Salads Uncategorized Vegetarian

Heirloom Tomato Orzo Salad

Orzo Salad with Heirloom Tomatoes and Basil
Orzo Salad with Heirloom Tomatoes and Basil

Recently I decided to host a dinner party on Sunday night, hoping to stretch out the weekend a bit and squelch the Sunday night blues. It totally worked.

For inspiration, I turned to a book that has been sitting on my shelf for a couple of months: Williams-Sonoma Dinner Parties: Inspired Recipes and Party Ideas for Entertaining. I even found a menu that I wanted to cook from start to finish. I’m glad I decided to go all the way because it turned out to be the kind of menu that allows the cook/host to have fun at her own party, but it didn’t include a pot roast or a casserole. Au contraire. This menu was light, healthy, elegant AND easy. The main course was a Halibut fillet with herbed butter and that was served with this light, end-of-summer, orzo salad.

What I liked best about serving this salad with the fish is that it could be prepared ahead of time and served at room temperature, so I didn’t have to worry about making it at the last minute or reheating it at just the right time. Stay tuned for more recipes from this Sunday Night Dinner Party.

Heirloom Tomato and Basil Orzo Salad
(Adapted from the Williams-Sonoma Dinner Parties cookbook)
Serves 8


1 box (1 lb) of orzo
dash of salt for boiling water
1 Tbsp olive oil to coat orzo when finished cooking (to keep from sticking)
1 1/2 lbs Heirloom Tomatoes, chopped into 1/2 inch cubes (choose a variety of colors)
1/2 cup fresh basil leaves, chopped
2 Tbsp extra virgin olive oil
1 teaspoon white wine vinegar
1/2 teaspoon Dijon mustard
1/2 teaspoon salt
1 teaspoon freshly ground pepper


1. Boil the orzo according to package instructions for an Al Dente texture, about 9 minutes. Drain pasta into a large bowl and toss with olive oil. Once the pasta cools a bit, you can cover it with plastic wrap and refrigerate it until its ready to mix in with the rest of the ingredients (up to several hours ahead of time).

2. Chop tomatoes and the basil and mix together in a large bowl.

3. In a small jar, mix the olive oil, white wine vinegar, mustard, salt and pepper. Close lid and shake until emulsified.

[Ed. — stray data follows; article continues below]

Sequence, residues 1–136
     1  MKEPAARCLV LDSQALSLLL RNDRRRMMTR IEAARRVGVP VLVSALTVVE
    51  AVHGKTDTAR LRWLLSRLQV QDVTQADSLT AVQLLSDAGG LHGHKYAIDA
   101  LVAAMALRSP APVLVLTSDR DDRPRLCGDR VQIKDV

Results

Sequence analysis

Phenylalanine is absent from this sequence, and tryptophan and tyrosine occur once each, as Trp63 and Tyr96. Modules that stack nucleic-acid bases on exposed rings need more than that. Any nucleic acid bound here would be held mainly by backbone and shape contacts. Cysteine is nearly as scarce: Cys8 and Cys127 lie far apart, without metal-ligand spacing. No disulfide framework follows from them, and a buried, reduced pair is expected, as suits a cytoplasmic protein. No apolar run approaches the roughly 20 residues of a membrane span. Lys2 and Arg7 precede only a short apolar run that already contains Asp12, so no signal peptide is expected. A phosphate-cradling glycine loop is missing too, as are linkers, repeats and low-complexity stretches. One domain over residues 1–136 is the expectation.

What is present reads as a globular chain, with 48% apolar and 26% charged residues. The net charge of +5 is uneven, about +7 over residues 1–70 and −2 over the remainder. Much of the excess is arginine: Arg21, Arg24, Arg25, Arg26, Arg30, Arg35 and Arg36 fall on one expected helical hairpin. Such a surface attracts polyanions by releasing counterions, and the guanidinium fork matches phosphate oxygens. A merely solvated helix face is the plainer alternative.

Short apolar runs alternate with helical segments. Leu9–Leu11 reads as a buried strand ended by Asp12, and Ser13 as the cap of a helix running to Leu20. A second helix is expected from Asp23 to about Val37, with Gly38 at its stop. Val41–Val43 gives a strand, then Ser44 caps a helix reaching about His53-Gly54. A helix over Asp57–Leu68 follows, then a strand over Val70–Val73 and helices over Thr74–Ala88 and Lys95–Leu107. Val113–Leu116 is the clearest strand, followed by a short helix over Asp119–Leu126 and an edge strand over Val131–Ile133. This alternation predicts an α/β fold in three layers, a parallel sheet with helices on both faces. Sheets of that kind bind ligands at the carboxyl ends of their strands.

Final preparation: About 1 hour before the party, gently fold the orzo, tomato/basil and vinaigrette together and spoon into a serving bowl. Cover with a paper towel while salad reaches room temperature. Toss again before serving and garnish with fresh Basil leaves.

Orzo Salad with Heirloom Tomatoes and Basil
Orzo Salad with Heirloom Tomatoes and Basil

Other Orzo Salad Recipes from Around the Web:

Orzo Salad and The Influential Power of Simple Food from Week of Menus

Miss Mary’s Orzo Salad from Erin Cooks

Orzo Salad (this one’s got Feta, people) from Dlyn

Spinach and Tomato Orzo from Southern Grace Gourmet

Appetizers Panini Pizza and Pasta Sauces Uncategorized

The Perfect Ragù alla Bolognese

Spaghetti alla Bolognese
Spaghetti alla Bolognese

Usually for this blog, I document my attempts to make recipes I’ve never tried with ingredients that are new to me. I must confess that I have been working on perfecting a Bolognese sauce for years. I think I’ve finally got it.

This Bolognese sauce has a secret ingredient that you won’t find in most Bolognese sauces. But we’ll get to that later.

First a little background.

For a long time, I was dissatisfied with the results of my Bolognese attempts. The sauces always seemed relatively tasteless and never thick enough. My normal approach was to brown onions and ground beef, add dried herbs (like oregano and such), add a jar of prepared sauce (like Classico) and let it simmer for a long time. I thought that the longer it simmered, the tastier it would be, and that was a little bit true, but not all that much. I tried adding garlic and then adding more and more garlic, to give it flavor. It worked a little, but it seemed that the garlic flavor just disappeared. I tried adding red wine. That worked a little too. I tried adding lots of olive oil once. Again, it enhanced the flavor a bit, but it came at a cost and didn’t give the dramatic flavor I was after.

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